Eva:  For me The Voyage to the Magical North didn’t fulfill the promise of the first page, and ultimately I was not as invested in the characters as I would have liked.  On the other hand, the world-building was incredibly fun and imaginative.  Kids who love adventure will certainly love this book.  

Meagan:  There can be a lot of successful anchors for story.  A story can be primarily character-centered, plot-centered, theme-centered, setting-centered, etc.  A story needs all of those things, but not every story is going to be equally strong in every area.  It seemed to me that this story was anchored in its setting.  The unique world and its fun details seemed like the freshest and most inspiring aspects of the novel.  They were enough to keep me reading, but not enough to push this book onto my personal favorites list.  

 

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Transitioning: In Writing and in Life

Transitioning: In Writing and in Life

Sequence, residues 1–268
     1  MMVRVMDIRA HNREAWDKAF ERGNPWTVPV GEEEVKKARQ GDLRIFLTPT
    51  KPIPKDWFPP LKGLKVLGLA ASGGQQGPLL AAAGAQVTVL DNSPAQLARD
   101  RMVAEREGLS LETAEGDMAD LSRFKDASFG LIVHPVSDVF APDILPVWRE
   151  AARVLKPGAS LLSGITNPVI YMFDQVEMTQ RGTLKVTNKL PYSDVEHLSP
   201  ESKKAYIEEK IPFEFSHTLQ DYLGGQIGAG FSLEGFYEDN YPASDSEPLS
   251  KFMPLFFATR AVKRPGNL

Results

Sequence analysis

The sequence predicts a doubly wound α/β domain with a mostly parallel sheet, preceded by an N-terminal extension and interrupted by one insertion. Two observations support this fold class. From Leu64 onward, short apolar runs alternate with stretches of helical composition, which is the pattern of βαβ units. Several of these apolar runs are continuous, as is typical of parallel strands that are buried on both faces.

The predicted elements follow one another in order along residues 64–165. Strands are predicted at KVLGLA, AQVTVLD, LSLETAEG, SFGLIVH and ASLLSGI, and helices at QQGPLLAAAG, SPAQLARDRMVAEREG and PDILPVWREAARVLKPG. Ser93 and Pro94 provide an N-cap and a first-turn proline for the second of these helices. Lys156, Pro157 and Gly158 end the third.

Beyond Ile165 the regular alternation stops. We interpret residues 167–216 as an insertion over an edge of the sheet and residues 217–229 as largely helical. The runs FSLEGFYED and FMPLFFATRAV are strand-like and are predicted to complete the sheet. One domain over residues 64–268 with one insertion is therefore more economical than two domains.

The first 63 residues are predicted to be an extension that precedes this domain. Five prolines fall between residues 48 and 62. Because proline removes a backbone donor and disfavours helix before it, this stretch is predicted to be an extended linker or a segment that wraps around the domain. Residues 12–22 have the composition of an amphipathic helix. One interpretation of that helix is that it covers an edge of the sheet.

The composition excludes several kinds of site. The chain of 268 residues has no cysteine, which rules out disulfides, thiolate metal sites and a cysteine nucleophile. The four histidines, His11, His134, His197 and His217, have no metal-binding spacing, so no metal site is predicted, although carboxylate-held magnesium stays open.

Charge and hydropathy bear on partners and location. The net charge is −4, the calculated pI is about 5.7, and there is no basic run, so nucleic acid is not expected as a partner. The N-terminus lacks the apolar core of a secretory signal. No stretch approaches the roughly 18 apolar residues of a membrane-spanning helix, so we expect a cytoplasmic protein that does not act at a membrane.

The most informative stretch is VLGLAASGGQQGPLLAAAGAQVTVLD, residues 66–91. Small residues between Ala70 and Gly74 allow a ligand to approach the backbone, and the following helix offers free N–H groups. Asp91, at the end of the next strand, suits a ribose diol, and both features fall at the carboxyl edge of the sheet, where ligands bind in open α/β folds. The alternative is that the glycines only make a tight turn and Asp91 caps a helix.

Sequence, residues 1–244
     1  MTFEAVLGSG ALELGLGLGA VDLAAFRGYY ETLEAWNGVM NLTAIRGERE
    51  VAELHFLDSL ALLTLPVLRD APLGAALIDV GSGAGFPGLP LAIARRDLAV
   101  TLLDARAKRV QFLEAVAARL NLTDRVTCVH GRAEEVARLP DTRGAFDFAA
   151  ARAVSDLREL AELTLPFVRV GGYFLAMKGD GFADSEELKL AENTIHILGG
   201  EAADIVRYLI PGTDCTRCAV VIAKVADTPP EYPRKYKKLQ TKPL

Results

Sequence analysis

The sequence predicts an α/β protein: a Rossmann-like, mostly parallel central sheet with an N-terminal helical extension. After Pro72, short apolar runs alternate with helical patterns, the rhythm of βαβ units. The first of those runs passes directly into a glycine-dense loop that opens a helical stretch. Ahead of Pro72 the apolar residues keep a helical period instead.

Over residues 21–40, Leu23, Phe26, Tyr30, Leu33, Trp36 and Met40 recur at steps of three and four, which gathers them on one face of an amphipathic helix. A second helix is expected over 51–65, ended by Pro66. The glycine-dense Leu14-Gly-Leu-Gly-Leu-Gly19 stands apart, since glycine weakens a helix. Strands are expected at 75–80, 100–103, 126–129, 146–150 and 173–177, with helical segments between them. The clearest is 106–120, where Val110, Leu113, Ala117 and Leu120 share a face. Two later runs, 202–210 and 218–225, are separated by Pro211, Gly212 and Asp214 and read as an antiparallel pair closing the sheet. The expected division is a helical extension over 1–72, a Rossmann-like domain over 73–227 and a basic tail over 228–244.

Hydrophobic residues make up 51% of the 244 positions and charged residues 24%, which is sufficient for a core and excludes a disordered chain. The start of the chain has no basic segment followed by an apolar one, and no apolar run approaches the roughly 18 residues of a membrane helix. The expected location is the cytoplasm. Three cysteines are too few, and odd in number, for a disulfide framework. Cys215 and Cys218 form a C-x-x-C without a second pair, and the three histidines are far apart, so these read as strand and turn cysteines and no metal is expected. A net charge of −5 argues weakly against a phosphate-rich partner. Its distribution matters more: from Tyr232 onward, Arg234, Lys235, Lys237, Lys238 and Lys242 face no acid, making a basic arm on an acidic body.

It’s the beginning of a new year. A time for reflecting on what’s past and preparing for what’s to come. A time of transition.

My husband and I are in a very clear state of transition right now. We are going from being a childless couple to brand-new parents. Our baby girl is due February 4th. Among many other preparations (taking an infant CPR class, gathering supplies, creating a birth playlist), we are currently transitioning my office into the nursery.

Although, as it turns out, we don’t have enough space in the living room for my desk and filing cabinet and book shelf, so the room will have to be office on one side and nursery on the other. We’ll see how that goes. I don’t picture myself doing a lot of work at my desk for the first few months anyway.

As a person who loves order, it’s a little maddening to live in this state of transition. On the nursery side of the room, there are baby things in boxes and storage crates that need to be sorted and washed. We need to figure out where to put everything and how to decorate. I’m still doing work at my desk, but I’m hyper aware of the baby clothes and children’s books on the other side of the room.